World Court orders Azerbaijan and Armenia to prevent racial hatred

·2-min read
FILE PHOTO: General view of the International Court of Justice (ICJ) in The Hague

(This December 7 story corrects to say South Caucasus neighbours rather than Central Asian neighbours in first paragraph)

By Stephanie van den Berg

THE HAGUE (Reuters) - World Court judges on Tuesday issued urgent decisions ordering both Azerbaijan and Armenia to prevent racial hatred in similar rulings in tit-for-tat cases brought by the feuding South Caucasus neighbours.

Both countries allege in a claim and counterclaim that the other has breached a convention against racial discrimination and asked the court for emergency measures while the case makes its way through the court.

On Tuesday judges ordered both countries to prevent the incitement of racial hatred against each others' nationals. In addition both countries were ordered not to do anything that could aggravate the dispute while the court was considering the case.

In October last year, Azeri troops drove ethnic Armenian forces out of territory they had controlled since the 1990s in and around the Nagorno-Karabakh region, before Russia brokered a ceasefire.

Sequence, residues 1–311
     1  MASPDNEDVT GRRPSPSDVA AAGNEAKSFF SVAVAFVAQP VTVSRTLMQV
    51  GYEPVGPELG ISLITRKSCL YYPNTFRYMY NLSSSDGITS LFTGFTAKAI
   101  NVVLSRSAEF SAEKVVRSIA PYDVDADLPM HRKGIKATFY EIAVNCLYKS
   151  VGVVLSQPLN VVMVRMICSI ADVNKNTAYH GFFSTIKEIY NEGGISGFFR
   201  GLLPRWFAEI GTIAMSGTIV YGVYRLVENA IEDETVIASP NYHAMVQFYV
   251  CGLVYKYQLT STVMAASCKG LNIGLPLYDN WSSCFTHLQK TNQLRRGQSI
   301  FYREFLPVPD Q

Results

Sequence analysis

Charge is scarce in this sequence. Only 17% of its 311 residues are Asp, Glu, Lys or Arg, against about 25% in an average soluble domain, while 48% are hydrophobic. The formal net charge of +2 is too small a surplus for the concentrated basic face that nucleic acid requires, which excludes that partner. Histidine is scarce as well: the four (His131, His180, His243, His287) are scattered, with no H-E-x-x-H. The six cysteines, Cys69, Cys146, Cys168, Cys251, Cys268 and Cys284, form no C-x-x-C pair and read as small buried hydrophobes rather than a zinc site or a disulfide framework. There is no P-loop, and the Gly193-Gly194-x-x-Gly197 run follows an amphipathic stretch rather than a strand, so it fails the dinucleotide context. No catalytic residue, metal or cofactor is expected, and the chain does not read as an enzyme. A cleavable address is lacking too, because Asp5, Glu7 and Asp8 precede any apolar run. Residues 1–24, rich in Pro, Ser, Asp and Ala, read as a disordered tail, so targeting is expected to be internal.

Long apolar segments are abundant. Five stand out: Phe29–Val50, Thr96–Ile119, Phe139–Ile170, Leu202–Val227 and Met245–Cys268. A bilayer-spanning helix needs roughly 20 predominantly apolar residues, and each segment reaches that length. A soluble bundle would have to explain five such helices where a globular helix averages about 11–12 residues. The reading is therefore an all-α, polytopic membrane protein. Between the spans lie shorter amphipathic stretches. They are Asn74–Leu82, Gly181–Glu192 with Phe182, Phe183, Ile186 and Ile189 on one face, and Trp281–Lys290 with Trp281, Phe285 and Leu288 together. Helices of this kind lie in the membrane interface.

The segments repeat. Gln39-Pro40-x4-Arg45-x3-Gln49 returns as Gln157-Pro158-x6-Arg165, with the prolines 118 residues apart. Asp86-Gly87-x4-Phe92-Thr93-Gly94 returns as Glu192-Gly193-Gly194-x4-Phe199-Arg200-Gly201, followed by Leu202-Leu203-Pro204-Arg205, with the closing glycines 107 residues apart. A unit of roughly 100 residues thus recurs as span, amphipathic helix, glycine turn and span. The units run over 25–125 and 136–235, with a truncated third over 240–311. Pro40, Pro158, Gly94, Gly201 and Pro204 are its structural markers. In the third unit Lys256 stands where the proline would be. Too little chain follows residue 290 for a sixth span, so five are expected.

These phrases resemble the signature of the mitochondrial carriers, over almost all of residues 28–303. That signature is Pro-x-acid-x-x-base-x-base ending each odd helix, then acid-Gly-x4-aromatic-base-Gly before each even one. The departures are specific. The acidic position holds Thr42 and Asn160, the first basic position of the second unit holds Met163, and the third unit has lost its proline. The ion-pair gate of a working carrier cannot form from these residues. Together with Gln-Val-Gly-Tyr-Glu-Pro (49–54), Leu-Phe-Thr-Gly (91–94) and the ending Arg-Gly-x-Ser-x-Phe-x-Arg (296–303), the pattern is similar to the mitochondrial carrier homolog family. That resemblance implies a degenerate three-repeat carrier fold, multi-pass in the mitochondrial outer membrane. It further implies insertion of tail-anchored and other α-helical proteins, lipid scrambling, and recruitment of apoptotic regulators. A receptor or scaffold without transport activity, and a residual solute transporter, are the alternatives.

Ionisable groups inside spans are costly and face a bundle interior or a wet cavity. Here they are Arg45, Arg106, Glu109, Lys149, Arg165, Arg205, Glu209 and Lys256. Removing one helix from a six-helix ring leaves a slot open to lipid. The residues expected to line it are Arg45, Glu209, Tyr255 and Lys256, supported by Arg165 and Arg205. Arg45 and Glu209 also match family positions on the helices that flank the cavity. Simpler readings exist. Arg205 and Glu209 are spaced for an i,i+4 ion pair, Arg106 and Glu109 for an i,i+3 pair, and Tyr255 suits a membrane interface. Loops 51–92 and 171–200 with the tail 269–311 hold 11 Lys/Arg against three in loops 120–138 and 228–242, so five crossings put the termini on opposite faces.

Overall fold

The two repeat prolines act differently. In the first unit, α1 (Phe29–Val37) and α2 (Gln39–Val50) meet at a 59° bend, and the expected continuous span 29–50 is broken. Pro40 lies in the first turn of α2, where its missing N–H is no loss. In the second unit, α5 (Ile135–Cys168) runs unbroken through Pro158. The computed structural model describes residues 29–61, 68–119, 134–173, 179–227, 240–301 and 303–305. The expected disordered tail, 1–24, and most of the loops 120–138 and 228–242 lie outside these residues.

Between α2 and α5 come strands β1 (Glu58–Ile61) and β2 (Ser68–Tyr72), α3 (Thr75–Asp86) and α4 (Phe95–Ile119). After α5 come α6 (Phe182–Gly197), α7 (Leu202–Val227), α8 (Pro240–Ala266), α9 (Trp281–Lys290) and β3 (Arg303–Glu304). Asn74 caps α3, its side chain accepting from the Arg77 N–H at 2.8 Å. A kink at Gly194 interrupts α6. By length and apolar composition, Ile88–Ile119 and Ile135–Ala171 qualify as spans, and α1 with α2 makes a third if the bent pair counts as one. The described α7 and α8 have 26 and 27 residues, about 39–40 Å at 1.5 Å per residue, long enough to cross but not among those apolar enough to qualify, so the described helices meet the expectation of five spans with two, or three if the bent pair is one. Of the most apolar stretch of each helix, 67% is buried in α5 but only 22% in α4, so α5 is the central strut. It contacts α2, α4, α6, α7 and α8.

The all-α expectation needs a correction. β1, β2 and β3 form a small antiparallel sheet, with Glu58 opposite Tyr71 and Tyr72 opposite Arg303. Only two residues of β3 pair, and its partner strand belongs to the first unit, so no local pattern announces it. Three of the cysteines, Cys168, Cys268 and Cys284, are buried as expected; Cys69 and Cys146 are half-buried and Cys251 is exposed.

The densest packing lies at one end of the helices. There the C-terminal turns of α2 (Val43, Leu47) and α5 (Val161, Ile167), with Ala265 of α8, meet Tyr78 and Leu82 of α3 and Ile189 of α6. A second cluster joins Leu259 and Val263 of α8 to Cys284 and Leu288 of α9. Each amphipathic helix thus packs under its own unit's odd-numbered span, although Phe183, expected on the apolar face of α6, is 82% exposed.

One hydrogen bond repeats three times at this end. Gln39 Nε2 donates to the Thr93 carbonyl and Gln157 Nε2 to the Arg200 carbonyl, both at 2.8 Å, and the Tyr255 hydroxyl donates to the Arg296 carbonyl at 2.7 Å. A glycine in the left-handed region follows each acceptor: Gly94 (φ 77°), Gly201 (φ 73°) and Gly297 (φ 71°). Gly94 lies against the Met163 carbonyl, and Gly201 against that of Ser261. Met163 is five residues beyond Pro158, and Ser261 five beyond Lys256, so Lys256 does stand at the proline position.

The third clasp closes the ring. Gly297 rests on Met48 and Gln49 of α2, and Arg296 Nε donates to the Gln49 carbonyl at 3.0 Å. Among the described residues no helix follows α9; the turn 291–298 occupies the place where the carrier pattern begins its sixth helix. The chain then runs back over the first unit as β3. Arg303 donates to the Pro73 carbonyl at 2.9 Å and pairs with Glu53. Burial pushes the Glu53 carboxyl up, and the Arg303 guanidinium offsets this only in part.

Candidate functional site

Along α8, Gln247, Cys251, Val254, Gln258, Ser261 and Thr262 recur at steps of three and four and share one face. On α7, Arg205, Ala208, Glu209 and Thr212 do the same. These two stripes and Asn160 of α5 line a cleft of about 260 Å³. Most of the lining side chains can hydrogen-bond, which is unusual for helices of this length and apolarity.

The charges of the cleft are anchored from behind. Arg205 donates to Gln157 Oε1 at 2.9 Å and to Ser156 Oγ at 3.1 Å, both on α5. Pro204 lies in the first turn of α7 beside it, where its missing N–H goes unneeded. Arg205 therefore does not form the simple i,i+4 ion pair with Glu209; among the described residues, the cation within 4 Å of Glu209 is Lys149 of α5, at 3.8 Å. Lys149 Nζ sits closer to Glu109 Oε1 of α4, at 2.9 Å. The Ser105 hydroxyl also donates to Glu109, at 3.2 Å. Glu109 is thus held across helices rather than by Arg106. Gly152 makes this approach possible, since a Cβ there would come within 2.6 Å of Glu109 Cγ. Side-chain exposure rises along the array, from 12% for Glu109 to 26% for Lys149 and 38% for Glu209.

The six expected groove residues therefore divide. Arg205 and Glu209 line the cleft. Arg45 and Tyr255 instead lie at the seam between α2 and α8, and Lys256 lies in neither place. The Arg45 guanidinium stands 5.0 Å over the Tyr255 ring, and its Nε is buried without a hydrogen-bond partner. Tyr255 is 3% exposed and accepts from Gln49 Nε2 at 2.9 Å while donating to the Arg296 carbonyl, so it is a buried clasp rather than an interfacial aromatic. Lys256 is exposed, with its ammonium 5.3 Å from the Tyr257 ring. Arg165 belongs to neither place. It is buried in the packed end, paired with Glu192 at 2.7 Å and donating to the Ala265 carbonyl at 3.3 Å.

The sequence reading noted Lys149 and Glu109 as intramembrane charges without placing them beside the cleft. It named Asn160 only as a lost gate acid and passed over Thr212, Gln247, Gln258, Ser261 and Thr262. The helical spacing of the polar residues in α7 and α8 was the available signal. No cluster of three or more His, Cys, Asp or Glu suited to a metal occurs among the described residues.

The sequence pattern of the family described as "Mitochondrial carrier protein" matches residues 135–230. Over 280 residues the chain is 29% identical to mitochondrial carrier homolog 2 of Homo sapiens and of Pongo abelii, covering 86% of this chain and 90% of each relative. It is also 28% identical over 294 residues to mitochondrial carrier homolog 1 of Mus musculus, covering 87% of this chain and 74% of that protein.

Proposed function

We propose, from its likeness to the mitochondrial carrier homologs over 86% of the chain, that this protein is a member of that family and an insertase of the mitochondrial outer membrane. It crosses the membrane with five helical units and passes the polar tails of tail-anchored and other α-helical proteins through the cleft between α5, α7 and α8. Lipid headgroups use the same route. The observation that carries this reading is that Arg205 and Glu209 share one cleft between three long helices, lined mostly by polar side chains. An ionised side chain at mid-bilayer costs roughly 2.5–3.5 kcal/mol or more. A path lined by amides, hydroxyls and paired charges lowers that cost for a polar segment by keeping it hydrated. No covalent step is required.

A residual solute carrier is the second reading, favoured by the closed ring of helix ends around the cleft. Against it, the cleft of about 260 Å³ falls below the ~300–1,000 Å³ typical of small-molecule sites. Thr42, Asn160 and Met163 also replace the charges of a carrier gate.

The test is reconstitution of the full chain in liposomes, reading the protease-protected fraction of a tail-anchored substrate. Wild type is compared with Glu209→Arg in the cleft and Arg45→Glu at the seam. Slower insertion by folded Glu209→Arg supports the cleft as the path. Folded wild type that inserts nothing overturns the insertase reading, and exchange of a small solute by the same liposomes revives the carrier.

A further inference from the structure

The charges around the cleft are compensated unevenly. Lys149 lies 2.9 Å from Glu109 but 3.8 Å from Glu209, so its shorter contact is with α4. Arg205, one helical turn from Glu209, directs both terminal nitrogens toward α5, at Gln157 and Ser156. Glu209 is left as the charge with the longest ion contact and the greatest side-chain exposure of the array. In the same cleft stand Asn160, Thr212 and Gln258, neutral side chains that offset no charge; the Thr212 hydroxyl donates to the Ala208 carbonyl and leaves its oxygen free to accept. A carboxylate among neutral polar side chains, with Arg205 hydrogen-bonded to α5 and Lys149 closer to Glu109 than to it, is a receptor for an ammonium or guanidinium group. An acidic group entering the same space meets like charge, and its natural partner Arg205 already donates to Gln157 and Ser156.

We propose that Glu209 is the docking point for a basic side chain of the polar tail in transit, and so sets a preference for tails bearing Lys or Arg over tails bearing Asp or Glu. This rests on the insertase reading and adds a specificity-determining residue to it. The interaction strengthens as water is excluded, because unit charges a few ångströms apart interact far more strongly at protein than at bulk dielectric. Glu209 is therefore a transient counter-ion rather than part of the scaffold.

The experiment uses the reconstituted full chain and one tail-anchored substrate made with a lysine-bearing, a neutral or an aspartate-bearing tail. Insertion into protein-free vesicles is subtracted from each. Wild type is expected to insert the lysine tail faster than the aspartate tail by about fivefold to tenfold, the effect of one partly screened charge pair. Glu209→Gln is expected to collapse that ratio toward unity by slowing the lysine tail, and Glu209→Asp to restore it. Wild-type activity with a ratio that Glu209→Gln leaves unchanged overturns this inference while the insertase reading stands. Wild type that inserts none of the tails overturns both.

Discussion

The court said on Tuesday that both Azerbaijan and Armenia under the U.N. anti-discrimination treaty must "take all necessary measures to prevent the incitement and promotion of racial hatred".

In addition presiding judge Joan Donoghue said Azerbaijan must protect from violence and harm "all persons captured in relation to the 2020 conflict who remain in detention" and must "prevent and punish acts of vandalism and desecration affecting Armenian cultural heritage".

The emergency measures are part of tit-for-tat cases filed at the World Court in September where both Armenia and Azerbaijan claimed the other country has violated the International Convention on the Elimination of All Forms of Racial Discrimination (CERD), to which both states are signatories.

The ruling on emergency measures do not go into the merits of the cases, a process that can take years.

The World Court, formally known as the International Court of Justice, is the United Nations court for resolving disputes between countries. It has yet to determine whether it has jurisdiction in this case.

(Reporting by Stephanie van den Berg; Editing by Alex Richardson, William Maclean and Angus MacSwan)

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